We have spent more time than usual preparing this list, one that is as subjective as any other (and we have seen some electronic best-0f-the-decade lists that have swung wildly across the spectrum – to the AV Club you would swear that “electronic music” consisted of little more than the DJ community, for example) based on our own tastes but we try to be as inclusive as possible, knowing that 50 fans of electronic music will come up with 50 different permutations. We started with nearly 100 of the most notable electronic albums of the decade with the various electronic subgenres and whittled it painstakingly down to 25. Some released this year may well stand the test of time but haven’t marinated long enough – including new work from Venus Hum, and Assemblage 23. Only two 2009 albums have made it to this list, and both were releases at the very top of the year. On further reflection we may wish to have added the 2009 offerings from the above two or others (and it would be a safe bet that each will be in our best of ’09 list so stay tuned). For better or worse, here’s the best of the rest: Continue reading

In defence of the lowly drum machine

Posted in Commentary with tags , , , , , , , , , , , , on October 22, 2009 by softsynth

“This next band…doesn’t have a drummer!!” So intoned a breathless Dick Clark in 1984 during a broadcast of his American hot 100 countdown radio show. We were transfixed. What could that mean? To a 13 year old who was just discovering music and for whom pop or rock music meant a guitar, a bass, drums, a singer and maybe a keyboard. What was this non-drummer lunacy?? As it turned out he was talking about Depeche Mode who were enjoying their first North American mainstream success with “People are People”. Clark was positively verkempt at the notion. To young teen Softsynth’s ears it sure sounded like they had drums in there, perhaps Clark was simply insane. It seemed a reasonable conclusion. Continue reading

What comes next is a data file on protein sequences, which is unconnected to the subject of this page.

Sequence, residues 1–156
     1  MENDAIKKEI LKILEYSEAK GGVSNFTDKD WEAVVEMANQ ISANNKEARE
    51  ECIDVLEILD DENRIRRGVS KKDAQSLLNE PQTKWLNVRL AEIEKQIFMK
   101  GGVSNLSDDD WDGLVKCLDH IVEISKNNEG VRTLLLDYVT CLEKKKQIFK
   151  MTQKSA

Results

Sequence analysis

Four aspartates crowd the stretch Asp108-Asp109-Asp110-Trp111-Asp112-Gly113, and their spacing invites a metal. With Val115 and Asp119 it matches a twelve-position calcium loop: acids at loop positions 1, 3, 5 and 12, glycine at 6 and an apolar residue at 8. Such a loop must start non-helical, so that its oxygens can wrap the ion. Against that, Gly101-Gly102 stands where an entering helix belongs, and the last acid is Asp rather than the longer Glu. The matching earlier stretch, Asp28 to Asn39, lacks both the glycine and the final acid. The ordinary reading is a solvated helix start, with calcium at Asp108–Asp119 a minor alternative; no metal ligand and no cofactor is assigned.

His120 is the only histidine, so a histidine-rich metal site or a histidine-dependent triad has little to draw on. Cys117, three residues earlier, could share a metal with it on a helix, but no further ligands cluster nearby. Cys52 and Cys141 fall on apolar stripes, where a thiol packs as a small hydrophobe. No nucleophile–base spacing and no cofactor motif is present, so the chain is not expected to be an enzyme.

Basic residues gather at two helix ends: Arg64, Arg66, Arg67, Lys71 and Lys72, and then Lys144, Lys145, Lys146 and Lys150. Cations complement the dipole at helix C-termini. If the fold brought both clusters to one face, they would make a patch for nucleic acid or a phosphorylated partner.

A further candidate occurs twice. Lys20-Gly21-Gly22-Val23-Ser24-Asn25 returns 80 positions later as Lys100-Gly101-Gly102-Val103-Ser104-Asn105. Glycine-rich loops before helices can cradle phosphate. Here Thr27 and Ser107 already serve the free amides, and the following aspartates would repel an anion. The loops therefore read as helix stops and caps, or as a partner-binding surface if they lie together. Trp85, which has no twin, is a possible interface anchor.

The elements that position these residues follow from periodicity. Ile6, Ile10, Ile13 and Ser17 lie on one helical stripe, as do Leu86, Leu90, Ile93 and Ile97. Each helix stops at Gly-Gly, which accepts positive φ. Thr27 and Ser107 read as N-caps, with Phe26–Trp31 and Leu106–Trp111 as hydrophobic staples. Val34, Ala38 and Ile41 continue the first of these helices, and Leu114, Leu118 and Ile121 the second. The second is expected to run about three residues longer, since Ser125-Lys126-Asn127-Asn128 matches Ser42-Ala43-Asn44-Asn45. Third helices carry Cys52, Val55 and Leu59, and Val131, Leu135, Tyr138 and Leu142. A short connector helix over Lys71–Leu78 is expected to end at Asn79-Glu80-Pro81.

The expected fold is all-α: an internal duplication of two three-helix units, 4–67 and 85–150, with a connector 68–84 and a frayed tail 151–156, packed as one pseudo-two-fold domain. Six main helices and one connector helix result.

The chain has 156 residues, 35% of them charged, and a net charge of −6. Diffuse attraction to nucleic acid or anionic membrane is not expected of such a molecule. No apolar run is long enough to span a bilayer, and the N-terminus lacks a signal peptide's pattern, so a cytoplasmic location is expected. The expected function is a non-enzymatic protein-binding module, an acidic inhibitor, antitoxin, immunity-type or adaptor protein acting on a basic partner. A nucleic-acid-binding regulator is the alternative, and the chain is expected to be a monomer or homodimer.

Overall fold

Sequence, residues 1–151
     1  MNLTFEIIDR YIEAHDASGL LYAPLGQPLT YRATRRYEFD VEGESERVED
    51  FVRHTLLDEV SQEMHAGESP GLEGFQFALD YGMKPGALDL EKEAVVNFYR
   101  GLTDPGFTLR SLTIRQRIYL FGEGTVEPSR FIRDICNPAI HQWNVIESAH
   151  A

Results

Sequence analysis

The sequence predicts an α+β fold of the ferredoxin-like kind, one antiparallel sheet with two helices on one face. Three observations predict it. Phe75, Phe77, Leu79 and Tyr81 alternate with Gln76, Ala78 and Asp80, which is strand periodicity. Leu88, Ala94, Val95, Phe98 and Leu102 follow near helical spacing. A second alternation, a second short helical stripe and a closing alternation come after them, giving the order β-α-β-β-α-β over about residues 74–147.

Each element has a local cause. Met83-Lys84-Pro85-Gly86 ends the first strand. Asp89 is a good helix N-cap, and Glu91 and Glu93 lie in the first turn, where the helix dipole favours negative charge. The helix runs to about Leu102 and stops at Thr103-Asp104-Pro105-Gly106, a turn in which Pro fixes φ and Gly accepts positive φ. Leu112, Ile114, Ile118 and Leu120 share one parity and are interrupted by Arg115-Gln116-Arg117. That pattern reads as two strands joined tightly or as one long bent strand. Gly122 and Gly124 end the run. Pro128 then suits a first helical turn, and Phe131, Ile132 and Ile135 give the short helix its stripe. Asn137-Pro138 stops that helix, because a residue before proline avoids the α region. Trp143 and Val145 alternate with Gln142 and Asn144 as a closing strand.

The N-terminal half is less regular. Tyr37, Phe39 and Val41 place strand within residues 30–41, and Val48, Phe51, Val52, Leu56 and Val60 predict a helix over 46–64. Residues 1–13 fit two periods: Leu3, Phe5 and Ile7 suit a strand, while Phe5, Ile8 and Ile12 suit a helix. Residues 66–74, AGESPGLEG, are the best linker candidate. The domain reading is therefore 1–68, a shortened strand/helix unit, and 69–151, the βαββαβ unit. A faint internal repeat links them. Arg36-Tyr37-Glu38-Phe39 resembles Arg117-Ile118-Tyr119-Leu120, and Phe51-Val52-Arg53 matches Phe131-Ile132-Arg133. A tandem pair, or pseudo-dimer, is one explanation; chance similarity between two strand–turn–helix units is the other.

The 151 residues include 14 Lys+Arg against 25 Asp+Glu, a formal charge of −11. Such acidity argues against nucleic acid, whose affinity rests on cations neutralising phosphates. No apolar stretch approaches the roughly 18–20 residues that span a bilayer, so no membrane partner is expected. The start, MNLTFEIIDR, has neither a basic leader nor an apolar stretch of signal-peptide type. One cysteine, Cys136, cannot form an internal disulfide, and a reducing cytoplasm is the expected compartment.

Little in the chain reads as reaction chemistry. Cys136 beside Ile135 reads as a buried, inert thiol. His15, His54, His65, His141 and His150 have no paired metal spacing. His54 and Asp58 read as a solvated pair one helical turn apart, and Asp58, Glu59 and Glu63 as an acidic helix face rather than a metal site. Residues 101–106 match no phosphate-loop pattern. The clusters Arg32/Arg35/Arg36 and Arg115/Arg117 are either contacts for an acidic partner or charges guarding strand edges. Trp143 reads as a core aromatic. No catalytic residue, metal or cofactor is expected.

Review: Imogen Heap – Ellipse

Posted in Review with tags , on September 7, 2009 by softsynth

A recent review of this album saw a comparison with Sarah MacLaughlin. All due respect to Sarah but – ridiculous. Heap for better or for worse remains one of our most eccentric and wholly original artists we have. We’ve seen her compared to Tori Amos, Kate Bush, and any number of Lillith Fair-ian lady singers and all miss the mark badly. A breathy delivery and a distinctly feminine ethos does not lump her into a camp with any of the above (and that’s no slight to the above artists, Bush and Amos are among our favourite artists, but we love them differently than we do Heap who comes from an entirely different starting place). Softsynth first laid eyes on her when flipping the television channels and breezed by the Tonight Show (and in the dark Leno days that breezing was all one could reasonably be expected to do re. the Tonight Show), and we caught a glimpse of a unique looking woman all by her lonesome playing a bank of synths. That’s enough to get us to stop at the best of times, but she was performing a captivating version of “Goodnight and Go” and we were hooked. Not familiar with her first album I Megaphone or her work with Frou Frou her album, Speak for Yourself was something of a revelation, a glimpse of a top-notch songwriter with a compelling world view and a take on electronic music that was a joy. Continue reading

New Imogen Heap; Northern Kind on the way

Posted in News with tags , , , on April 28, 2009 by softsynth

Sometimes love the Twitters. News comes from Northern Kind’s tweets that their new album, Wired has dropped with an official launch due May 15 (in the UK at least). Really love this band and truly enjoyed their last effort, 53degreesnorth. A real throwback to Golden Era electropop and looking forward to the new goodies. 

Also hearing that the lovely and weird Imogen Heap’s new set is finally en route. Scheduled for an August release, Ellipse will follow up the innovative and exciting Speak for Yourself. She speaks about the new material at her vblog where she shares actual song snippets (which are sounding absolutely awesome). 

Always new stuff coming on the horizon. The genre is as healthy has its ever been (and reviews for both will be forthcoming…)